Stem cells for brain repair in neonatal hypoxia-ischemia

Chicha, L. and Smith, T. and Guzman, R.. (2014) Stem cells for brain repair in neonatal hypoxia-ischemia. Child's nervous system, Vol. 30, H. 1. pp. 37-46.

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Official URL: http://edoc.unibas.ch/dok/A6338577

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Neonatal hypoxic-ischemic insults are a significant cause of pediatric encephalopathy, developmental delays, and spastic cerebral palsy. Although the developing brain's plasticity allows for remarkable self-repair, severe disruption of normal myelination and cortical development upon neonatal brain injury are likely to generate life-persisting sensory-motor and cognitive deficits in the growing child. Currently, no treatments are available that can address the long-term consequences. Thus, regenerative medicine appears as a promising avenue to help restore normal developmental processes in affected infants. Stem cell therapy has proven effective in promoting functional recovery in animal models of neonatal hypoxic-ischemic injury and therefore represents a hopeful therapy for this unmet medical condition. Neural stem cells derived from pluripotent stem cells or fetal tissues as well as umbilical cord blood and mesenchymal stem cells have all shown initial success in improving functional outcomes. However, much still remains to be understood about how those stem cells can safely be administered to infants and what their repair mechanisms in the brain are. In this review, we discuss updated research into pathophysiological mechanisms of neonatal brain injury, the types of stem cell therapies currently being tested in this context, and the potential mechanisms through which exogenous stem cells might interact with and influence the developing brain.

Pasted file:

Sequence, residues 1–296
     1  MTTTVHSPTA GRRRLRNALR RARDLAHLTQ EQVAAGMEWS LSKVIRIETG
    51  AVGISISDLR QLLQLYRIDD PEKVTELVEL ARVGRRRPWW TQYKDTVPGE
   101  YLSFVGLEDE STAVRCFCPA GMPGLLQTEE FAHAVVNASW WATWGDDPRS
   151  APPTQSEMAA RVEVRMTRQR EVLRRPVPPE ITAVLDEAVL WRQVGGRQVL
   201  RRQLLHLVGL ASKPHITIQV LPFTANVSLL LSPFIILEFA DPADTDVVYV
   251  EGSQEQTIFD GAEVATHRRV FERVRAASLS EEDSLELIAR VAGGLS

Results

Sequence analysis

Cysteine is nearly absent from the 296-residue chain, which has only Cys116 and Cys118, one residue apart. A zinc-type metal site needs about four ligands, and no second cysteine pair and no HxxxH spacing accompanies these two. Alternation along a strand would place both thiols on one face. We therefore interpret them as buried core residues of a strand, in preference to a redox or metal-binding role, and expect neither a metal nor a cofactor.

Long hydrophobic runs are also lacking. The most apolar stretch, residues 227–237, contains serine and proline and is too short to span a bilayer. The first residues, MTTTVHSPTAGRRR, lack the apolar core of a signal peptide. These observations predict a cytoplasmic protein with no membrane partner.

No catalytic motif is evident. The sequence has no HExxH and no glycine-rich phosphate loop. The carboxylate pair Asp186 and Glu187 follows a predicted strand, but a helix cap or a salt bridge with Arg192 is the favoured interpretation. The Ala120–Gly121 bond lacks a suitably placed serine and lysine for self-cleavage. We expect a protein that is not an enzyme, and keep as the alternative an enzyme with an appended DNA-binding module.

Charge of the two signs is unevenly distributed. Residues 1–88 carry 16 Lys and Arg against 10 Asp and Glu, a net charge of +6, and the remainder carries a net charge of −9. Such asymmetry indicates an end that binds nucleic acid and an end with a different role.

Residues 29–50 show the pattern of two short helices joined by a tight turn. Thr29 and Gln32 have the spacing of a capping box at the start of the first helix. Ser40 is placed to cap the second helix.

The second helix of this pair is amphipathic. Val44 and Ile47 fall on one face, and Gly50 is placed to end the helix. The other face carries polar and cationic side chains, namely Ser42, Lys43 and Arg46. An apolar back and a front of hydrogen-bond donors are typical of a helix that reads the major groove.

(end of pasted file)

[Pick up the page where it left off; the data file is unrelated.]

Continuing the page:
Faculties and Departments:03 Faculty of Medicine > Departement Biomedizin > Department of Biomedicine, University Hospital Basel > Brain Ischemia and Regeneration (Guzman)
UniBasel Contributors:Guzman, Raphael
Item Type:Article, refereed
Article Subtype:Research Article
Note:Publication type according to Uni Basel Research Database: Journal article
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Last Modified:06 Mar 2015 07:44
Deposited On:06 Mar 2015 07:44

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